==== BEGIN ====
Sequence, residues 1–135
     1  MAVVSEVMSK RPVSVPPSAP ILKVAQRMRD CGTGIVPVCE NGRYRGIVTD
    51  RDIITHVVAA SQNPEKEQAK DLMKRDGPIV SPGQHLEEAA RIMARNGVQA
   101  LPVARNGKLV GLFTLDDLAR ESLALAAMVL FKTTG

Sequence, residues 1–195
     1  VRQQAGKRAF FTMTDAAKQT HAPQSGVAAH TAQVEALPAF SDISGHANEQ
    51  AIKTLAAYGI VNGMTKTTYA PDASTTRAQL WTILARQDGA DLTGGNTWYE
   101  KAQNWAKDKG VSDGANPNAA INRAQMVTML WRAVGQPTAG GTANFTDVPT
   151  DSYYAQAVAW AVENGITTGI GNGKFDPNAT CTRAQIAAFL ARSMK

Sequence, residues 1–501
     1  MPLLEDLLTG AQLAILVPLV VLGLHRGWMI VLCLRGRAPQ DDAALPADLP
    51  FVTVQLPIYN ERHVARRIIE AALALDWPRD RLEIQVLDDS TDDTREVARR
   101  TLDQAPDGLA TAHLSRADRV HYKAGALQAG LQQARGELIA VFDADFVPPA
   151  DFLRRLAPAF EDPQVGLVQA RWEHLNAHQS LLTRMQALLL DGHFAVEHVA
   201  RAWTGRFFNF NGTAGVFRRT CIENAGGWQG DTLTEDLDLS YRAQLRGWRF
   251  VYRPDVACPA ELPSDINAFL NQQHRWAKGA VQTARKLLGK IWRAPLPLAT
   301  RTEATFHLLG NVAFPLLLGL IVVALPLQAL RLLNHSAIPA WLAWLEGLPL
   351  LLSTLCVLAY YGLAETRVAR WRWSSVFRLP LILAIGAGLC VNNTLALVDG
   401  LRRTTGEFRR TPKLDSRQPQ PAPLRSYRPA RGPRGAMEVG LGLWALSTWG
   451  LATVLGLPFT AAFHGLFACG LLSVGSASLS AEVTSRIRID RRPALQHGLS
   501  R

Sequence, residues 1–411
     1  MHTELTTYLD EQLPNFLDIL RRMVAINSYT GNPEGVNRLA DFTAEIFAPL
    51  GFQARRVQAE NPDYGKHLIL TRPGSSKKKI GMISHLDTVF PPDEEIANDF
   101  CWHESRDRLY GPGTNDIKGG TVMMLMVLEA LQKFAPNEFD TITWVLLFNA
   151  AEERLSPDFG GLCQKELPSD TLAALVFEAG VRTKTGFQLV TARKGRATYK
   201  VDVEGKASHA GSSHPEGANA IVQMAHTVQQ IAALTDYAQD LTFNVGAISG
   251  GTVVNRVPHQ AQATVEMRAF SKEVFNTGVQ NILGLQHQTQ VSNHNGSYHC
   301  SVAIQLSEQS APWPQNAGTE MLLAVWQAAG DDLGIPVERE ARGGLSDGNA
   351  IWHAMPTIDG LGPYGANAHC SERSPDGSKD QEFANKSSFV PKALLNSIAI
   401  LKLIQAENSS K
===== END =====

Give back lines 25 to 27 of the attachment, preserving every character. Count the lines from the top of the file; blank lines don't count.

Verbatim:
   101  CWHESRDRLY GPGTNDIKGG TVMMLMVLEA LQKFAPNEFD TITWVLLFNA
   151  AEERLSPDFG GLCQKELPSD TLAALVFEAG VRTKTGFQLV TARKGRATYK
   201  VDVEGKASHA GSSHPEGANA IVQMAHTVQQ IAALTDYAQD LTFNVGAISG